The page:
However, Phillips says that it is not just same-sex celebrations that he declines. He also doesn’t create custom baked goods for bachelor parties or Halloween events, and remarked in a recent video that sometimes in a day he will turn down more requests than he accepts.
Phillips, who attends a Baptist church, said that when he informed Mullin and Craig that his bakery does not make cakes for same-sex “weddings,” the men immediately left. He stated that one of them made a comment on his way out the door that the bakery was a “homophobic cake shop.”
Phillips said that he told the men that he would be happy to make them any other type of baked goods outside of having to facilitate the ceremony, which he believed was a form of personal participation. But Mullin and Craig complained to the Colorado Human Rights Commission with the help of the American Civil Liberties Union (ACLU), and have prevailed in their case ever since.
In December 2013, Judge Robert Spencer sided with the ACLU, contending that Phillips should have made the cake because he was not told that there would be any words or symbols written on it.
“Phillips was not asked to apply any message or symbol to the cake, or to construct the cake in any fashion that could be reasonably understood as advocating same-sex marriage,” he wrote. “The act of preparing a cake is simply not ‘speech’ warranting First Amendment protection.”
In May 2014, the Colorado Civil Rights Commission upheld Spencer’s ruling, stating that Phillips violated the state’s civil rights law. The Commission then ordered that Phillips educate his staff in alignment with the Colorado Anti-Discrimination Act, to implement new policies in light of the ruling, and to file quarterly compliance reports for two years. The reports were to outline each pastry creation request that was declined and the reason why to prove that Phillips’ religious beliefs no longer influence his business decisions.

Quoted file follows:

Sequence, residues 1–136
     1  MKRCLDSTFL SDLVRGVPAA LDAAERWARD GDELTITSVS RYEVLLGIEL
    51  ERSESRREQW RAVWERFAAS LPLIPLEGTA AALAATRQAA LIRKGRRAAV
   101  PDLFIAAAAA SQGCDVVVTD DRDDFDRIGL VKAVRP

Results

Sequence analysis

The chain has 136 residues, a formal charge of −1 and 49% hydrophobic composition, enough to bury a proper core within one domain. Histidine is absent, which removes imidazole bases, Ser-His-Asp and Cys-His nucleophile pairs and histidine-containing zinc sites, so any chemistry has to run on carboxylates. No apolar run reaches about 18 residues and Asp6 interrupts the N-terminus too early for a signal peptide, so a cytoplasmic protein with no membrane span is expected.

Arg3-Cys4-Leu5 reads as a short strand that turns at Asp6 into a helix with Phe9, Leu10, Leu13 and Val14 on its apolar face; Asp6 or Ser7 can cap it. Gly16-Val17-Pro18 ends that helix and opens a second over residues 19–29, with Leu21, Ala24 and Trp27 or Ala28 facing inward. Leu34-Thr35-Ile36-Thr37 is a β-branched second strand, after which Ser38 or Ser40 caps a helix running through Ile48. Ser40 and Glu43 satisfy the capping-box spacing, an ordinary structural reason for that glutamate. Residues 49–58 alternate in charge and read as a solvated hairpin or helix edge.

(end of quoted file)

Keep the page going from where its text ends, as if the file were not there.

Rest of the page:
Phillips filed an appeal with the Colorado Court of Appeals, which upheld the lower court’s rulings in August 2015, asserting that providing the cake for the ceremony does not equal an endorsement of same-sex nuptials.
“Nothing in the record supports the conclusion that a reasonable observer would interpret Masterpiece’s providing a wedding cake for a same-sex couple as an endorsement of same-sex marriage rather than a reflection of its desire to conduct business in accordance with Colorado’s public accommodations law,” the court ruled.
The matter was appealed to the Colorado Supreme Court, which declined to hear the case last year. Therefore, Phillips took his case to the nation’s highest court, which agreed in June to be the arbiter of the issue.
In addition to the U.S. Department of Justice, 20 states and over 80 members of Congress have joined in amicus briefs supporting Phillips’ religious rights. Over 500 creative professionals have also filed a joint brief stating that those who engage in artistic expression should be free from compelled speech.
“Artistic speech, whether expressed through painting a picture, taking a photograph, or designing a cake, is constitutionally protected and should be treated as such,” they explained. “The expression should neither be silenced nor coerced. Though the concern is currently most pressing in the same-sex wedding context, it is not so limited. Creative professionals of all stripes stand to suffer from undue compulsion, depending on how this court rules here.”